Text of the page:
What Do Our Green Spaces Say About Us?

I am always on the lookout for design and architecture blogs that cover varied topics in interesting and compelling ways, so I was very happy when I discovered Blooming Rock, a blog focusing on issues around community, architecture and sustainability in the Phoenix area.

I’ve read many, many interesting articles on the blog (there is also a pretty robust comments section, ahem), and was particularly taken with yesterday’s piece, “Craving Green Breathing Space in a Fast-Paced City.” The gist of it is pretty straightforward, and it’s something that we talk a lot about here as well: the critical importance of urban green spaces for the psychological and ecological health of the community. 

Conversations around topics like this and happening more and more frequently across the world. Here in San Francisco, we consider ourselves the proverbial kings (queens, actually — har har) of sustainability and ecologically-minded decision making, although there are many areas of the city that could use more greening. Nonetheless, pocket parks, curbside rain gardens, and other creations that soften the urban landscape keep springing up, much to everyone’s delight. These efforts are, at least in part, an expression of the values we hold as a community in increasingly developed world.

Whether we realize it or not we all yearn for exposure to elements of nature, even as more and more of us (now over 50% of the world’s population) live in urban areas. It’s the desire to maintain this connection to nature that makes trees such an emotional topic for so many people. In a sense, trees are the flagship element of the urban organism. When street trees fail or are never planted in the first place, their surrounding area suffers as well, from a reduction in pedestrian traffic, to reduced home and business values or higher incidents of crime. Areas without trees are quite literally less desirable places to be. Imagine a whole city suffering from a treeless epidemic — no one would live there! In a sense, when street trees and other urban green spaces fail, we fail as well.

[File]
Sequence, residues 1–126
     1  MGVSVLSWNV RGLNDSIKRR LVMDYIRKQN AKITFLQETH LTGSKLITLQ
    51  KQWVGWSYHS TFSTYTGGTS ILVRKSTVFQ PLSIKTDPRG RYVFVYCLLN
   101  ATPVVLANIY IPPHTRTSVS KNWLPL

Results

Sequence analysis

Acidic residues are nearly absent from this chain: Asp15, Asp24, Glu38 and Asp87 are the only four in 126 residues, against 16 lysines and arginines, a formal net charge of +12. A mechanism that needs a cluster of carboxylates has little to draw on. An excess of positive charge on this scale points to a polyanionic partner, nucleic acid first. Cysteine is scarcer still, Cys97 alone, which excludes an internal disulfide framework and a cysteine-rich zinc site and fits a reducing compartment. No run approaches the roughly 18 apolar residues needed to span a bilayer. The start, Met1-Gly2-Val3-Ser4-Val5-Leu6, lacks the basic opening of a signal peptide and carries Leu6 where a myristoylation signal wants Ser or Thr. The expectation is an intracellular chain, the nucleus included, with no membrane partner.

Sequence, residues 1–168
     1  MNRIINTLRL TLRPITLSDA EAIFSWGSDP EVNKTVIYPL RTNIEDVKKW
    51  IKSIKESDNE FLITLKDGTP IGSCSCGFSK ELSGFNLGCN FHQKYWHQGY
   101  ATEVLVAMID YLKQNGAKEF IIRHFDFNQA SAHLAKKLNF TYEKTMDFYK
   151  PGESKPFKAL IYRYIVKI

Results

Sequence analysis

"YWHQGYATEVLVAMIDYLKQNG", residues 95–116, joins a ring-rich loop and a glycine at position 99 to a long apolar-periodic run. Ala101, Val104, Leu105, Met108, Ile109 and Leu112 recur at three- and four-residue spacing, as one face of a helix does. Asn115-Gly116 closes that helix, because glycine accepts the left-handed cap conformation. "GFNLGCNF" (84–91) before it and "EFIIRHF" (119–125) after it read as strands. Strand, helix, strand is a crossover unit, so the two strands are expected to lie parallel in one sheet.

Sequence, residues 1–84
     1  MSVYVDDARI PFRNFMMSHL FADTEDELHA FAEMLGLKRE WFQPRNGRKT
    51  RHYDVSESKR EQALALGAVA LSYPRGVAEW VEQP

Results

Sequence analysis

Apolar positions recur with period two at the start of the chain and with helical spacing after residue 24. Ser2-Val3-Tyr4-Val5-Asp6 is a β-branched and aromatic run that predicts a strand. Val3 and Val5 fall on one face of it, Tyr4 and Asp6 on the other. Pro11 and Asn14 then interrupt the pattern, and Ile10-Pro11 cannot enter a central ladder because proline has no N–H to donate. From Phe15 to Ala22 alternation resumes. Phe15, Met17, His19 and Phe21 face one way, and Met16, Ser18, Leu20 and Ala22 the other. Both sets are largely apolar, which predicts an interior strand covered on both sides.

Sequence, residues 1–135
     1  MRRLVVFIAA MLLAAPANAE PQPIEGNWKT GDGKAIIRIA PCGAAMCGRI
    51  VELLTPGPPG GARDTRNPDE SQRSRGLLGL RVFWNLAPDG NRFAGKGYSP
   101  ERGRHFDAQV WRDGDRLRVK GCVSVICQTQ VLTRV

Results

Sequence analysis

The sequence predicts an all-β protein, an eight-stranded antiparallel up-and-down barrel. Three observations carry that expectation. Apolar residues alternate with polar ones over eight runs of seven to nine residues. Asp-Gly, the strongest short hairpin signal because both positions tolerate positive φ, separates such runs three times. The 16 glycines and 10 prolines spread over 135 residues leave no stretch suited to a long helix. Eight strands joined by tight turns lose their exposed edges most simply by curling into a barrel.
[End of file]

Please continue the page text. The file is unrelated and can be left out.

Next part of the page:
Blooming Rock’s creator is Tazmine Khatri Loomans, a self-described “architect, a writer and an advocate for sustainable building practices and community-oriented design in Phoenix.” You can subscribe to her site here.

Image: laura.bell

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